More than 25 years into his journey with adrenomyeloneuropathy (AMN), Tim Mathwig has dealt with and adapted to physical, mental, and emotional challenges that accompany chronic health conditions.
Initially diagnosed at age 18, Tim didn’t experience the long diagnostic path that many young men with AMN do when symptoms first present. Tim was tested when he was pre-symptomatic following the identification of AMN in a family member who was injured playing football. For several years following his diagnosis, Tim remained healthy and symptom-free. He started experiencing symptoms, such as problems with his gait, around age 30. Even though he had been diagnosed with AMN earlier in his life, Tim and his doctors didn’t immediately connect his symptoms to AMN given the lack of information available at the time. He visited General Practitioners, Urologists, Endocrinologists, and Neurologists when he first started experiencing symptoms, before eventually realizing they could be attributed to AMN. “It’s the case with most doctors,” says Tim, “where I’m the only one that they’ve ever seen with AMN.”
As the disease progressed it was a struggle for Tim to cope with his frustration at not being able to do ‘easy’ tasks and he had a hard time talking about AMN. He acknowledges now that he felt ashamed of his inability to play sports with his sons and his persistent need for help with tasks that many think of as ordinary—like getting groceries or bringing things in from the car. “I feel like I missed out on doing a lot of activities with my kids,” he says.
For a long time, I hated to ask for help. Needing people to do things for me that I feel like I should be able to do myself is hard. I can ask for help now, but it took a long time, and getting to this point was difficult.
Over the years, Tim went from walking on his own, to using a cane, to using a scooter and occasionally a wheelchair. He and his wife moved into a one-story house to make getting around easier for him. Asking for help was necessary, but very difficult for Tim, who had always been independent and active.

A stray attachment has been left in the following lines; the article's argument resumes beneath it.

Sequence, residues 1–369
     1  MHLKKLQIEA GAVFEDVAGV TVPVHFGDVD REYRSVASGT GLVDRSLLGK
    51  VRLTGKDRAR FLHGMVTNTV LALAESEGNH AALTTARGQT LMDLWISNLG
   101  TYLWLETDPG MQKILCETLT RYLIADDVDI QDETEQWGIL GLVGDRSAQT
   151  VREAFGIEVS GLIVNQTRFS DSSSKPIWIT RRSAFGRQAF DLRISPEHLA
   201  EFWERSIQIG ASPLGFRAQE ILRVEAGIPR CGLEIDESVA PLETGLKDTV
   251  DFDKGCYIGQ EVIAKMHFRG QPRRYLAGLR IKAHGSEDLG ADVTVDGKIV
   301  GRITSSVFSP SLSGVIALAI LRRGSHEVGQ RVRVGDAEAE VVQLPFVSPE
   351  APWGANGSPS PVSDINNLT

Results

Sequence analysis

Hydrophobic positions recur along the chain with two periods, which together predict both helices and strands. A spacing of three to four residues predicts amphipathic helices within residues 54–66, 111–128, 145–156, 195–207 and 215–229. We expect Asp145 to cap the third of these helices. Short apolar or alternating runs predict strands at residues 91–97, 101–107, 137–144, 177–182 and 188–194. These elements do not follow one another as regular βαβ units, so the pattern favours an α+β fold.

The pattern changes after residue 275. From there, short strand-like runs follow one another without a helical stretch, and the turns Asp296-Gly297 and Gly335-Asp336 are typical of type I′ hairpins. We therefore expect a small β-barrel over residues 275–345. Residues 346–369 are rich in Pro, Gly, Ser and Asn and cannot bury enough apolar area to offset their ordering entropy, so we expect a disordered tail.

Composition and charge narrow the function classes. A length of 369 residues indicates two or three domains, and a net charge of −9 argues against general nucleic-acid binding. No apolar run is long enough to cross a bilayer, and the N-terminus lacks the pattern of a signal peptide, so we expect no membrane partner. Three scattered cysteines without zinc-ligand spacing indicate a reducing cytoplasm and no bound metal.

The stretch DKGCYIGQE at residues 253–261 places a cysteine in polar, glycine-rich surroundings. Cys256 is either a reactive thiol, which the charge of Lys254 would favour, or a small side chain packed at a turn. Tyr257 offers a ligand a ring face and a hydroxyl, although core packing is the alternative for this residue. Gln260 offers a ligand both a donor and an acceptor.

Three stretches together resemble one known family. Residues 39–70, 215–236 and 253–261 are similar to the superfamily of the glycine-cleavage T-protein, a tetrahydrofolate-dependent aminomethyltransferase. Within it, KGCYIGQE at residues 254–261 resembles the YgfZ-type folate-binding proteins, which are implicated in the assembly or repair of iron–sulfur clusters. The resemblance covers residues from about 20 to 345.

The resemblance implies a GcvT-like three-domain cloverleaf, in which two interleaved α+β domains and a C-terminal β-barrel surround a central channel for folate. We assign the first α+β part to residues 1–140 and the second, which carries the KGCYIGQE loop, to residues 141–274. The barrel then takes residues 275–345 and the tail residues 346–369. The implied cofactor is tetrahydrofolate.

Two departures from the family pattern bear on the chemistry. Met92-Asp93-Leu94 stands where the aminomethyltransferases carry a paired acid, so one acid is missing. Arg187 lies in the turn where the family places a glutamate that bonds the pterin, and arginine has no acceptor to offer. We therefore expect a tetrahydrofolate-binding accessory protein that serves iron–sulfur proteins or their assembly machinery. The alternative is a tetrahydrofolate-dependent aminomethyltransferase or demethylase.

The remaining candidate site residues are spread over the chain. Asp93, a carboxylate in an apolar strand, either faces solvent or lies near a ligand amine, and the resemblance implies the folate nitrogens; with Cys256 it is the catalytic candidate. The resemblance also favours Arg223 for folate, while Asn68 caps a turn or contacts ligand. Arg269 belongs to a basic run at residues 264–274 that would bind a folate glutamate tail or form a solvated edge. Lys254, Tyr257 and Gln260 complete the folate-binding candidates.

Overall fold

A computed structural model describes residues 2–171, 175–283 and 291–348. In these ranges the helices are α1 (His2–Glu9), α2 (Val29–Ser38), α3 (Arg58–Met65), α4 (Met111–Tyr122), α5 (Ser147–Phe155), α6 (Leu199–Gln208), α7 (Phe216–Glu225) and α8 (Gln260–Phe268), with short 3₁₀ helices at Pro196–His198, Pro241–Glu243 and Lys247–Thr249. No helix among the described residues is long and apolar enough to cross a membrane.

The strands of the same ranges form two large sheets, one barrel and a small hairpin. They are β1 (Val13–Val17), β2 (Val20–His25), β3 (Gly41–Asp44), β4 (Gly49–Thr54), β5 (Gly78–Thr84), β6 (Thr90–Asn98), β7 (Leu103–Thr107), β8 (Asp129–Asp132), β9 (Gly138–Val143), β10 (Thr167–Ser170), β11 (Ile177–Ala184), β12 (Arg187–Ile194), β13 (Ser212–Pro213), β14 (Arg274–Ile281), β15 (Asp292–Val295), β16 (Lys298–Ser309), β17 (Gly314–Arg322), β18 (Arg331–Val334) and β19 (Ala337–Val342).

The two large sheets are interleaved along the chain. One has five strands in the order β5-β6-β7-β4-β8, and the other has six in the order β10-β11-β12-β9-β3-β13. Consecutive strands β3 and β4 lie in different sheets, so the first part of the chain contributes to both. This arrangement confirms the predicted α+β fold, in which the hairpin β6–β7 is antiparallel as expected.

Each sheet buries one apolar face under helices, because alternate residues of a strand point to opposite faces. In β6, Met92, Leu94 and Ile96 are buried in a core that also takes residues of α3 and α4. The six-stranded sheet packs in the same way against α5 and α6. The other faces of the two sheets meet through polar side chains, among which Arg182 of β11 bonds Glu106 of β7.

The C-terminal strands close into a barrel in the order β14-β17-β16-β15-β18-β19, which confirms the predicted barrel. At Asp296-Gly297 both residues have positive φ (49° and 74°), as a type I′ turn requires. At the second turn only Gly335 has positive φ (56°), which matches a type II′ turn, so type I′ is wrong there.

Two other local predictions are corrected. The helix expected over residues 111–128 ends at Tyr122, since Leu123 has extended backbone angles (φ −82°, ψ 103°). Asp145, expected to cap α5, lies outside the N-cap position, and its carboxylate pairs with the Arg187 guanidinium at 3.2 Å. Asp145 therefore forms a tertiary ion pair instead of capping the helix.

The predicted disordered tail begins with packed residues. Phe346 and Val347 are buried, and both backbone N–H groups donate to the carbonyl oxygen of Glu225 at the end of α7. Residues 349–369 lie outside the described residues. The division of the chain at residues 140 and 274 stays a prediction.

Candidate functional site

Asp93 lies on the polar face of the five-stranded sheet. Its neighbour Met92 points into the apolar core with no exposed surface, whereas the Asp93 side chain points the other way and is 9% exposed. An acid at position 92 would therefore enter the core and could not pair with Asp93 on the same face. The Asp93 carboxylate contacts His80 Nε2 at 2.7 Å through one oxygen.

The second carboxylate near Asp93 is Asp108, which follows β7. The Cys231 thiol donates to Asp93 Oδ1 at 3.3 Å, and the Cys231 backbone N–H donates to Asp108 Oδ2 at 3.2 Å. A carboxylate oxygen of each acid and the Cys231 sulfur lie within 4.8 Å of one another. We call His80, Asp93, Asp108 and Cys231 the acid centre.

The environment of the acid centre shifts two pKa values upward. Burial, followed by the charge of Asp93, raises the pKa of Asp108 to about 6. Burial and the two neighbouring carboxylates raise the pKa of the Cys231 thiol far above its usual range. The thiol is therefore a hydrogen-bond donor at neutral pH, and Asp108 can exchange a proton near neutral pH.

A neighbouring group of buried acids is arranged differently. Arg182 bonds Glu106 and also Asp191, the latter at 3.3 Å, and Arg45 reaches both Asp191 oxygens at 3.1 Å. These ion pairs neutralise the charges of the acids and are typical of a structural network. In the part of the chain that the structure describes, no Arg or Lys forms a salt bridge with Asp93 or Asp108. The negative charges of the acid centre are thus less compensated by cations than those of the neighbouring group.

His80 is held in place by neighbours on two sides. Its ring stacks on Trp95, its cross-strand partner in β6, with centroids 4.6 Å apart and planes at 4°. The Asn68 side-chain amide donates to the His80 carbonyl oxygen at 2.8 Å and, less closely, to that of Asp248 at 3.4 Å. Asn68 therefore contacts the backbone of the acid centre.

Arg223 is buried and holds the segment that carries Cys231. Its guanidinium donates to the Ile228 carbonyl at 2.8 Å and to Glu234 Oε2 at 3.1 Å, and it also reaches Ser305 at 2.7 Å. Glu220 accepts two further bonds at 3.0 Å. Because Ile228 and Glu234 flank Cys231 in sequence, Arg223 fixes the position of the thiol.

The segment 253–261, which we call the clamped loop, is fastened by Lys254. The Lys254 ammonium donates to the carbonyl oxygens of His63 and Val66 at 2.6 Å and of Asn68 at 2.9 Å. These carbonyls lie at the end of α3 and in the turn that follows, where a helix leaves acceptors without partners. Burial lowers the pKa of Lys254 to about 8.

Often he would get choked up talking about AMN but he credits his wife, Dawn, for explaining it to friends and family and for keeping him engaged in life. They take vacations, she encourages him to hunt, and they recently bought another boat. According to Tim, “she doesn’t let me sit around and get lazy.”
Now in his 40s, Tim struggles with intense leg pain daily. With his wife’s help, he tries to stay active but the pain makes it difficult.
“The neuropathy is a constant burning pain from my knees to my feet—I feel like I’m standing in hot lava,” he says, trying to describe the pain. “I’d be able to do so much more if there were a way to stand and move without such searing pain in my feet and legs.”
Tim currently takes hydrocortisone which is a must for his Addison’s disease, a common condition that occurs with AMN. He has tried a series of medicines to alleviate the muscle spasms and pain that keep him up at night, he stretches and does leg exercises to keep them strong and help his balance, and he self-catheterizes before sleeping or sitting for long periods to manage urinary incontinence associated with AMN.
Tim feels that education and resources have come a long way since he was first diagnosed at age 18. He encourages newly diagnosed people to do research and educate themselves on AMN and potential symptoms as well as get involved with a support group.
It can vary widely for everyone, so knowing what’s coming can help manage stress and anxiety.
The support Tim has from his loving wife, family, and his faith help give him the strength to stay positive and hopeful for the future.